Sovran submitted the loan package to VHDA, where it was reviewed by Terry Beltz, a VHDA loan underwriter. VHDA rejected the loan application. The rejection letter was addressed to both Mr. and Mrs. Walsh. Mrs. Walsh brought this action2 under the Equal Credit Opportunity Act contending that VHDA discriminated against her based upon her marital status by refusing to give her a loan individually. In support of that claim, she cited the rejection letter addressed to both her and her husband; she also pointed to a VHDA policy that loans were generally made to both members of a married couple.
Beltz testified at trial that VHDA generally gave loans jointly to both members of a married couple, but that loans would be granted to one member of a married couple if that person so requested and was individually qualified. He testified that he considered Mrs. Walsh's application based upon her individual qualifications, but denied the mortgage because of her insufficient assets and her short time in her job, as well as the overall credit picture. He stated that the rejection letter was addressed to both Mr. and Mrs. Walsh so as to protect them from liability on the sales contract, since both of their names were on the contract.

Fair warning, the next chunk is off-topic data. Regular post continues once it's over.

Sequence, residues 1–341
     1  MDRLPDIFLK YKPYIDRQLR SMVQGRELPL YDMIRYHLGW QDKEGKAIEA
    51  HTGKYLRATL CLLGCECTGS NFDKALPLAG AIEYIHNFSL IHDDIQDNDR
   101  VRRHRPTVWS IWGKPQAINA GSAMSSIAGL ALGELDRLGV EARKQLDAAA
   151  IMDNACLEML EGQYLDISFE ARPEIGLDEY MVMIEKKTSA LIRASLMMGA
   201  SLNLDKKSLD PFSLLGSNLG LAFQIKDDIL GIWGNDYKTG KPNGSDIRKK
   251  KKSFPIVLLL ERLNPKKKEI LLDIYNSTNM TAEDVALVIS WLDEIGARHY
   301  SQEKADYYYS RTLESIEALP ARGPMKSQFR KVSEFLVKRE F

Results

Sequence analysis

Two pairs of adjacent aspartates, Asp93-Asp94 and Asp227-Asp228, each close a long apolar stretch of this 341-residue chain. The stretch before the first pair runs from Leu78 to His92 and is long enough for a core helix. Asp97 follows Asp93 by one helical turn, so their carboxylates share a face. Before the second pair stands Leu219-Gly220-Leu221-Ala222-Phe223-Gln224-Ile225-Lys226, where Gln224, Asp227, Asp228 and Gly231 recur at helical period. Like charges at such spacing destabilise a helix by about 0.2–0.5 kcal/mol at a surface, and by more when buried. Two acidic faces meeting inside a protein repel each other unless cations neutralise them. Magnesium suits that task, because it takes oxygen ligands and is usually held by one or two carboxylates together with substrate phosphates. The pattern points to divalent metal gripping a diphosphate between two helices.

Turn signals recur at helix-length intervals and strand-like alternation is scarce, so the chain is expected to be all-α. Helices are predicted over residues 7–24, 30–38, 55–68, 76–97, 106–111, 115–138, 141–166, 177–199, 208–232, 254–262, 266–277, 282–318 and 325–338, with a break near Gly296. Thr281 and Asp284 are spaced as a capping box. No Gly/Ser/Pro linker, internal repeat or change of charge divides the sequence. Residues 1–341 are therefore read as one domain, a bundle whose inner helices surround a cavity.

During the course of the trial, the district court judge asked several questions of Mrs. Walsh, including whether she had any evidence that VHDA discriminated against her based upon her marital status. The purpose of these questions was to clarify the testimony elicited during Mr. Walsh's direct examination.